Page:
(CONT)
>>
>>3874804
About Spec Evo being exclusively a hard science thing, that's just not true. It has always been a very vague subject, including scenarios that explore the future or alternate evolution of Earth's lifeforms but also xenobiology and even more whimsical topics. There's a reason it is sometimes alternatively refered to as "speculative biology" or "speculative zoology". And this is why All Tomorrows has always been considered part of the Spec Evo "canon", in spite of not portraying evolution as accurately as other books/projects.
Finally, gatekeeping something that people basically do for fun is a really childish thing to do. If someone likes to create a more fantasy-like Spec Evo, so be it, that's nobody else's business. And this is true whether their content is popular or not. I personally have created all kinds of Spec Evo from scenarios based on meticulous research to dumb fun shit, and I don't consider the latter to be inferior to the former.

Again, it seems like you're trying to find a problem where there's none.
But I agree with you in that Spec Evo is apparently dying out. There doesn't appear to be much content or discussion going on over at Deviantart or at the Speculative Evolution Forum. Maybe people have moved to other platforms like Discord, I don't know. In any case, nothing lasts forever, and Spec Evo has always been a very niche thing.
>>
>>3874134
I recall us doing an experiment in my college animal behavior class about this. We made bird bait of different colors and tainted one color with something that would make the birds sick. After a few weeks, the birds started eating everything but that color. Then we switched the color that was tainted and it took twice as long for them to adjust to the new color being the "bad" one.

Not really evolution but interesting nonetheless.
>>
File: 1620248723723.png (95 KB, 512x480)
95 KB
95 KB PNG
Seeing All Tomorroww get publicly raped after years of niche popularity is still surreal and nightmarish
>>
>>3875181
Honestly, Kosemen seems to be enjoying the book getting popular, and while I agree its surreal to see modern memes and fandom-culture-stuff applied to a 2000s work of hideously intruiging art - I think its fun to see people enjoy something properly weird.

If the creator himself enjoys it all, I don't see the harm in it. It's not like hes replacing the book with a 2021 edition with tumblr fanart.
>>
>>3875192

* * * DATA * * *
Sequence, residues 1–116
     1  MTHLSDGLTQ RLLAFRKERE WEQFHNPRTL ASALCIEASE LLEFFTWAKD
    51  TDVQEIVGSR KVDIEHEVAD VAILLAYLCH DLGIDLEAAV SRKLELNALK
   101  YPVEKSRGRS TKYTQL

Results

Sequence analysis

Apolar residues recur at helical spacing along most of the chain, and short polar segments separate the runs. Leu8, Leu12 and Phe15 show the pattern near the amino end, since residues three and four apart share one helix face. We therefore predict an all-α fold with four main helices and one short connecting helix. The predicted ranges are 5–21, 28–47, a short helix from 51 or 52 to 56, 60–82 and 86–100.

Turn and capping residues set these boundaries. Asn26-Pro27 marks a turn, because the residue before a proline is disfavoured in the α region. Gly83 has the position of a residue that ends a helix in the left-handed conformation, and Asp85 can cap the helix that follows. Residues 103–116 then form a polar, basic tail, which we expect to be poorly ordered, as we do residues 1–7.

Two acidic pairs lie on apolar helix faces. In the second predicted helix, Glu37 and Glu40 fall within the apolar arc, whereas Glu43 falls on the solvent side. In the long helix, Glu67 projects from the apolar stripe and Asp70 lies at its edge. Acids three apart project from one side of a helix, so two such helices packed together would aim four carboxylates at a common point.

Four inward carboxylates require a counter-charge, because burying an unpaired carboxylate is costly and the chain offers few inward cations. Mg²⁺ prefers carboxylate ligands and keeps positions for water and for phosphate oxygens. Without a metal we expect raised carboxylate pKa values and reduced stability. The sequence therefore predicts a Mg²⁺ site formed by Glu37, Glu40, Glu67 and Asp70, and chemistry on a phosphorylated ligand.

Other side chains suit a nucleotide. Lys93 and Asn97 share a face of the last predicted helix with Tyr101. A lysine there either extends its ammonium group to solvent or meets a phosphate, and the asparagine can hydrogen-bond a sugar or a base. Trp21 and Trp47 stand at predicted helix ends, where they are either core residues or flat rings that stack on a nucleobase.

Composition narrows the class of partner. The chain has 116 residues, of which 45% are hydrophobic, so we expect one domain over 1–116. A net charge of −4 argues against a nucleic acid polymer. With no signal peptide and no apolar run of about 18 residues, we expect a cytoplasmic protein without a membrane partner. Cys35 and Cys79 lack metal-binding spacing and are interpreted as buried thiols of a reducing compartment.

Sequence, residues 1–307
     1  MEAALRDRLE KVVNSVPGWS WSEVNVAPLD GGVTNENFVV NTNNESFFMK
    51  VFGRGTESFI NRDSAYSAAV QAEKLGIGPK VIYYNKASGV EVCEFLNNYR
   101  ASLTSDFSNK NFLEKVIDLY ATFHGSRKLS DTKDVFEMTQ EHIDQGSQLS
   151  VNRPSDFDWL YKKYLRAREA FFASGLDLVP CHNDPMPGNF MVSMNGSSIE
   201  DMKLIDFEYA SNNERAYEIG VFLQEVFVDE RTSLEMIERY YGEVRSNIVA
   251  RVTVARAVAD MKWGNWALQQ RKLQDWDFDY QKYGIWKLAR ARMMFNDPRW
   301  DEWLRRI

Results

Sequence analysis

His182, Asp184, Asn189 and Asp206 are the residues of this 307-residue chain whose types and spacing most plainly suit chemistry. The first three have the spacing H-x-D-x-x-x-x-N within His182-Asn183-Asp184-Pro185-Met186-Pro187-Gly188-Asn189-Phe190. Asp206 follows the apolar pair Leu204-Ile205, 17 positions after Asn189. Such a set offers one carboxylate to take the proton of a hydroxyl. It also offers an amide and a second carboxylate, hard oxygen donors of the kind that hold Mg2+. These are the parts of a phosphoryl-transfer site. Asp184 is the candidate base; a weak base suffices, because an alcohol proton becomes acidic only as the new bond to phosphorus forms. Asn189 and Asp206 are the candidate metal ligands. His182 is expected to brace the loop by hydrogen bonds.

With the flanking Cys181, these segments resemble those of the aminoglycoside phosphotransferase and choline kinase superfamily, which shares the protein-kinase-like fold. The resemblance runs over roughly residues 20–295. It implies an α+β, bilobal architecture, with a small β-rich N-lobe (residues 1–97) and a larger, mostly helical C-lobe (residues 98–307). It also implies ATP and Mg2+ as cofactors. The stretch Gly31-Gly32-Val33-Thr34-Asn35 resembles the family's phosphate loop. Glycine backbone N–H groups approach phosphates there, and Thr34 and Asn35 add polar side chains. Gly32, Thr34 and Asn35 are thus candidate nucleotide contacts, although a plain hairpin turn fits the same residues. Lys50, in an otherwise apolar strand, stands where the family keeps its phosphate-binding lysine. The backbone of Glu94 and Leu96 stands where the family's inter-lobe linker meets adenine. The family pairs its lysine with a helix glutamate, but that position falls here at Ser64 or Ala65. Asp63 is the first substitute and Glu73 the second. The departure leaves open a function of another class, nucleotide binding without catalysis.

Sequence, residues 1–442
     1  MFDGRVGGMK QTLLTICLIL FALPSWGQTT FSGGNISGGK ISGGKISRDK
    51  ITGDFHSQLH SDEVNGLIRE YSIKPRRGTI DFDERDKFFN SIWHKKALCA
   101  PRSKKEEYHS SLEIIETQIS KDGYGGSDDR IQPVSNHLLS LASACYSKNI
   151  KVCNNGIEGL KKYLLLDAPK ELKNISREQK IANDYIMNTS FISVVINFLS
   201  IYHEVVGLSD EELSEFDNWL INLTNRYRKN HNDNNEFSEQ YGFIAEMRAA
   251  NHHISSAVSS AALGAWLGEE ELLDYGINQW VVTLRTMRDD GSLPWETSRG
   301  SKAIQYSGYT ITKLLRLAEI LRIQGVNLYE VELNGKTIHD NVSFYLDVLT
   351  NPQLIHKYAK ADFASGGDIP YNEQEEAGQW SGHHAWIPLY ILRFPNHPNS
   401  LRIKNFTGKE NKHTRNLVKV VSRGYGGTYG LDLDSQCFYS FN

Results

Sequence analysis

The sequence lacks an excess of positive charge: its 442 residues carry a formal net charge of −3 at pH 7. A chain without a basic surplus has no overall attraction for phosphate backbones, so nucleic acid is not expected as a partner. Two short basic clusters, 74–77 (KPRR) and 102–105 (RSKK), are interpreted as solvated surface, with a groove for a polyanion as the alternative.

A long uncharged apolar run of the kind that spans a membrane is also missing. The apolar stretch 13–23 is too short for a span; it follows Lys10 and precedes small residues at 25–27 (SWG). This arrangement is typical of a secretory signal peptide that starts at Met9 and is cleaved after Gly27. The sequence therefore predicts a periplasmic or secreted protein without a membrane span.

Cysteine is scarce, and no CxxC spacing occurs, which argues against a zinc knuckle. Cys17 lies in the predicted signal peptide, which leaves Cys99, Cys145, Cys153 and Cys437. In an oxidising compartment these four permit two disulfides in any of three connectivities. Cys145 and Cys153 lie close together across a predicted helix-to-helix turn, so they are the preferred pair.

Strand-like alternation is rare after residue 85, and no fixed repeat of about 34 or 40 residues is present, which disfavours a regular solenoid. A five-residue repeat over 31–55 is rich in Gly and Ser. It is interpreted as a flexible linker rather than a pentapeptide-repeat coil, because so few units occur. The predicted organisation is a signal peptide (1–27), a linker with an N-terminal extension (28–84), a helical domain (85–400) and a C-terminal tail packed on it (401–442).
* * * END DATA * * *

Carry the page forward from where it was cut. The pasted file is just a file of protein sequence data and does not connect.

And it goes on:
>author of a book enjoys the fact that the book got stupidly popular out of nowhere
Yeah you don't say
>>
>>3875200
Retard.
>>
File: ass.jpg (19 KB, 659x215)
19 KB
19 KB JPG
>>3875192
If their idea of enjoyment is this then they're enjoying it wrong
Also for whatever reason they're all fucking children
>>
>>3875324
>cherry-picking this hard
Yeah, we get it, you're a whiny fag. Everything upsets you and nothing is ever right.
>>
>>3875324
Based gatekeeper. I fucking hate seeing normies hop on this trend.
>>
>>3875355
What's there to cherry pick? everything else is some shitty low effort unfunny meme video you'd see on tiktok
1 good animation is not worth seeing the book get raped and mangled by people who are "interested" in it just because it's currently popular, if you're so vehemently against what i'm saying it's probably because you were never interested in it before this sudden explosion of popularity, you need to go back
>>
>>3875324
I remember talking to a 9-year-old last night who was watching the first three Star Wars movies for the first time and he started unloading all of these facts about the original trilogy on me, stuff about the special effects, the extended universe, all of that. I told him I was impressed. Then I asked him his favorite part from Jedi since it was the one he had just watched, and he couldn't give me one. After I mentioned stuff like the Ewoks or the final battle he said he didn't remember that stuff. Turns out the kid was just really into Star Wars memes and videos in YouTube.

That's... Pretty damn telling
>>
File: image0.jpg (31 KB, 638x739)
31 KB
31 KB JPG
>>3874195
This is why gatekeeping is based.
>>
File: ohnonono.png (187 KB, 605x381)
187 KB
187 KB PNG
>>3875355
Why are you replying to every post like this, lmao.

I bet you also enjoy the Undertale, Minecraft, and MHA fandoms too, huh.



Delete Post: [File Only] Style:
[Disable Mobile View / Use Desktop Site]

[Enable Mobile View / Use Mobile Site]

All trademarks and copyrights on this page are owned by their respective parties. Images uploaded are the responsibility of the Poster. Comments are owned by the Poster.